The 10 Most Beautiful Buildings In Rio de Janeiro

Maria Angelíca Maia

Rio de Janeiro is known for its natural beauty, but the urban environment always has got something to add to the original terrain to enhance its values. Take a look at these gorgeous buildings that are symbols of the ‘Cidade Maravilhosa’, and are temples of beauty. Many of them date back to the Empire of Brazil (1822-89), when Rio was the capital city. Discover our selection of the top 10 architectural gems in Rio.

Real Gabinete Português de Leitura

1. Real Gabinete Português de Leitura (Royal Portuguese Reading Room)

Building, Monastery

Real Gabinete Português de Leitura (Royal Portuguese Reading Room)

This elegant building, Real Gabinete Português de Leitura, is home to the largest and most valuable Portuguese literature collection outside of Portugal. Constructed between 1880 and 1887, it holds more than 350,000 volumes, bringing together rare books from the 16th, 17th and 18th centuries. Its incredible architectural beauty and its rich collection transport the visitor back to the 19th century. The reading room was built in a ‘neomanuelino’ style that evokes the exuberant Gothic Renaissance style from the Portuguese Discovery period. The façade, inspired by the Jeronimos Monastery in Lisbon, was carved in limestone in Lisbon and brought to Rio by ship. The statues and medallions sculptured in the entrance portray distinguished Portuguese men, including Pedro Álvares Cabral, Luís de Camões and Vasco da Gama, as the eternal guardians of human knowledge and discovery.

Real Gabinete Português de Leitura, Rua Luís de Camões 30, Centro, Rio de Janeiro, Brazil, +55 21 2221 3138

MAC © Rodrigo Soldon/FlickrMAC © Rodrigo Soldon/Flickr

2. Niterói Contemporary Art Museum (MAC Niterói)

Building, Museum

Niterói Contemporary Art Museum (MAC Niterói)

This museum is located in the Niterói, and was designed by the architect Oscar Niemeyer in 1996. The MAC has become one of most iconic monuments of the city due to the boldness of its contemporary features, which make it resemble a chalice or a flying saucer. The MAC Niterói presents bare concrete in a round, smooth and futuristic shape. Located on top of Boa Viagem Lookout, on Niterói’s seafront, the museum enables visitors to enjoy panoramic views from the courtyard, as well as from the inside, through its huge glass windows that divide the building into two strips. MAC Niterói primarily displays contemporary artworks, and has the second largest collection of contemporary art in Brazil.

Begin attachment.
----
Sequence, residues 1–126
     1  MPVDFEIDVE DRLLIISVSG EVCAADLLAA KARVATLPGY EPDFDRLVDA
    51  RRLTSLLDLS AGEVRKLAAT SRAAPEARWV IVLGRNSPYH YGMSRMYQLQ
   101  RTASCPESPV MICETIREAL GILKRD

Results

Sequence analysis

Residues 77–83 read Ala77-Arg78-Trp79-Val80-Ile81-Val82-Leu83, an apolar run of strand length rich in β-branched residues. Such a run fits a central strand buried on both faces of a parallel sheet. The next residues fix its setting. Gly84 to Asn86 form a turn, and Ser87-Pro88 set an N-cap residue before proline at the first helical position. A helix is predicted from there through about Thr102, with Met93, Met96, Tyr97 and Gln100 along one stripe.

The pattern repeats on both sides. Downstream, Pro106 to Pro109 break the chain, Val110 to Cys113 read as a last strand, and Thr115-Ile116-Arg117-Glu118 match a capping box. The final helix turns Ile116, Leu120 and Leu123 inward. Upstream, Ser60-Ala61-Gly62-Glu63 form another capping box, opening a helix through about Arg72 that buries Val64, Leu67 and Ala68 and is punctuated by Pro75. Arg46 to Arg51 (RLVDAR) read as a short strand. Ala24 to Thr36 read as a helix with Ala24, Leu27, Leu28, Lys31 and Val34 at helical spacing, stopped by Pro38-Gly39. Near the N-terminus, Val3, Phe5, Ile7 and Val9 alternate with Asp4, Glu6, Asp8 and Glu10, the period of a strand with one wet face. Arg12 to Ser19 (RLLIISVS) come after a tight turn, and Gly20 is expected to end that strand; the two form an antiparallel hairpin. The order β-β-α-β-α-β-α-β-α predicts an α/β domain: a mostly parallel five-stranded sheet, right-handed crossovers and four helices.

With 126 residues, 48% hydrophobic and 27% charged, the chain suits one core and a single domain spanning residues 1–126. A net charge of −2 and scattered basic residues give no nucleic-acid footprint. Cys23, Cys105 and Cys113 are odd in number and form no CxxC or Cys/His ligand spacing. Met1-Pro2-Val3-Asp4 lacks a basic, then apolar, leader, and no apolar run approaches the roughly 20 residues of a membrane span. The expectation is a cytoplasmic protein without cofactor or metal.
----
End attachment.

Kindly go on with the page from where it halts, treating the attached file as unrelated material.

MAC Niterói, Mirante da Boa Viagem, S/N, Boa Viagem, Niterói, Rio de Janeiro, Brazil, +55 21 2620 2400

Teatro Municipal © Alex Carvalho/FlickrTeatro Municipal © Alex Carvalho/Flickr

3. Teatro Municipal do Rio de Janeiro

Building, Theater

Teatro Municipal do Rio de Janeiro

Opening in 1909, this theater is now the leading playhouse in Brazil, and is one of the most important in South America. The Teatro Municipal hosts all the major international and Brazilian artists, from dancers to musicians. Its architecture and decoration is impressive. The façade features large marble columns and is notable for its stone staircase, stained glass windows and the three domes on the roof. The interior of the theater is as luxurious as the façade. In the entrance hall are two bronze statues that represent dance and poetry. In the foyer, several masterpieces stand out; the three precious stained glass windows that Fuerstein and Fugel created in Stuttgart and the dome painted by Eliseu Visconti. Moreover, the magnificent ceilings, the Venetian mosaic floors and the marble countertops make this building a work of art.

Teatro Municipal do Rio de Janeiro, Praça Marechal Floriano, S/Nº, Centro, Rio de Janeiro, Brazil, +55 21 2332 9191

Catedral Metropolitana © Ana Rodinsky/FlickrCatedral Metropolitana © Ana Rodinsky/Flickr

4. Catedral Metropolitana do Rio de Janeiro (Catedral de São Sebastião do Rio de Janeiro)

Cathedral, Church, Museum

Catedral Metropolitana do Rio de Janeiro (Catedral de São Sebastião do Rio de Janeiro)

Built between 1964 and 1979, this cathedral is dedicated to Saint Sebastian, the patron saint of Rio de Janeiro. The main door is composed of 48 bronze plaques with bas-reliefs that cover topics related to faith. The cathedral’s beauty lies in its interior, where four vividly colored rectilinear stained glass windows span 64 meters from floor to ceiling over the walls in the four cardinal points. This gives the church beautiful natural lighting and a mystical atmosphere. In the basement, the Sacred Art Museum has a collection of sculptures, murals, artwork, and fonts used to baptize the members of the Portuguese royal family.

Catedral Metropolitana de São Sebastião do Rio de Janeiro, Avenida Republica do Chile, 245, Centro, Rio de Janeiro, Brazil, +55 21 2240 2669

Vista Chinesa © Kenzi Yamamoto/FlickrVista Chinesa © Kenzi Yamamoto/Flickr

5. Vista Chinesa


Vista Chinesa